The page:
Choosing a Writing Reference Guide

Whether you’re a master wordsmith with a hundred publications or a struggling student who has trouble keeping the active and passive voices straight, you will at some point find yourself either struggling with how to properly structure a sentence, use a word, or drop in punctuation. For those times, it’s a good idea to have a reference guide of some sort. With the new semester starting, students will soon be writing memos, briefs, and seminar papers, and faculty will be diving into the spring submission season, so getting a good reference guide is fairly timely.

First off, getting a copy of The Elements of Style by William Strunk, Jr. is not a bad place to start, though it’s not a cure-all. The original text, published in 1918, is considered the authoritative statement on English usage, even if there has been resistance to it in recent years. There have also been updates to it over the last century. The most well-known version is the “Updated and Expanded” edition written by E.B. White, the author of Charlotte’s Web and other stories, which is commercially available through a number of sources (and in its 5th edition). However, the original Strunk text is public domain and available freely on the web in a number of locations. John W. Cowan, a computer programmer who codifies the syntax of programming languages, maintains an updated version of Strunk’s text on his website.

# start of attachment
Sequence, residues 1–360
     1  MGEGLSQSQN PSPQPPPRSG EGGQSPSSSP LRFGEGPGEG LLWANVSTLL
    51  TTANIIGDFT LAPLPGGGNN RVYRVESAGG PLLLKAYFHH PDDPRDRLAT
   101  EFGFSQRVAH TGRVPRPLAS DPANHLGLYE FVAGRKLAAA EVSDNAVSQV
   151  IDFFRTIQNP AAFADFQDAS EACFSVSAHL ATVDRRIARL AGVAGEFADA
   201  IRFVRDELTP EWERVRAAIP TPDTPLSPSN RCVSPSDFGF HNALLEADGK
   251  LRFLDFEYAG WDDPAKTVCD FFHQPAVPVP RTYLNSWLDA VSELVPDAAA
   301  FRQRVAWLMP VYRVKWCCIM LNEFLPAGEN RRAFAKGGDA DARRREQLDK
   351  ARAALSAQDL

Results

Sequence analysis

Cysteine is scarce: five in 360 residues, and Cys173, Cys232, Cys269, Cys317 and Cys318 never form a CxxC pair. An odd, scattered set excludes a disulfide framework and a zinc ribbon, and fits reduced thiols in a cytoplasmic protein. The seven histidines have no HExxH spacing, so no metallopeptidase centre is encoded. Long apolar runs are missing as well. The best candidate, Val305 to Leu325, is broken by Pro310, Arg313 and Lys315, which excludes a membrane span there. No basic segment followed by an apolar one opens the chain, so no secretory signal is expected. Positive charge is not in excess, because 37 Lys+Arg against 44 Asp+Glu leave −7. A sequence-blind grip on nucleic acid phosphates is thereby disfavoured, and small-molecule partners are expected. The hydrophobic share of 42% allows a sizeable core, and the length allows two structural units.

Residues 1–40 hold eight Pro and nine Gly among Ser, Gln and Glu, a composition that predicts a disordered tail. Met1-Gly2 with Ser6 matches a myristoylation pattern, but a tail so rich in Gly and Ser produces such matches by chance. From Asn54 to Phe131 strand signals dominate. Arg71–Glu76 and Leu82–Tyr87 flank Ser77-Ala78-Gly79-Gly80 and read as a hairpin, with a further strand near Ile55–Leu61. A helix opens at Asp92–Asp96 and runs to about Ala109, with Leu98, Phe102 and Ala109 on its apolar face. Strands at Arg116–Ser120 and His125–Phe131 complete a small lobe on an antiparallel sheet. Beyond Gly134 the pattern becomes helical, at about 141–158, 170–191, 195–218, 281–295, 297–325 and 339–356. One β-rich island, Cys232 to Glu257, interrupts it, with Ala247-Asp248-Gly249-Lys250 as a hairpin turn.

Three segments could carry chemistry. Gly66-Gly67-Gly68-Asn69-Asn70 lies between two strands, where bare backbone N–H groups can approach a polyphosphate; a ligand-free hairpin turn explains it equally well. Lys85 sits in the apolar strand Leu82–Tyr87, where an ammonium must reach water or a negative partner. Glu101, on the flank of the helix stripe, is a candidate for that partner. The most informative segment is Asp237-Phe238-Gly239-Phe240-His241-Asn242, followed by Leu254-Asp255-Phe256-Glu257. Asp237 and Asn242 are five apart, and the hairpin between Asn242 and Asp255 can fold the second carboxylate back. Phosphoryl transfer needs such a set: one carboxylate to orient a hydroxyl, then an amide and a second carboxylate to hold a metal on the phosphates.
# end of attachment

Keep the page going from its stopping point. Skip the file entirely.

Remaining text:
Moving on from The Elements of Style, there are hundreds of guides, publications, tip sheets, and so on with writing, grammar, punctuation, and style advice. I can’t possibly review all of them here, as each writer has their own needs. Instead, let’s assess your needs with the following questions: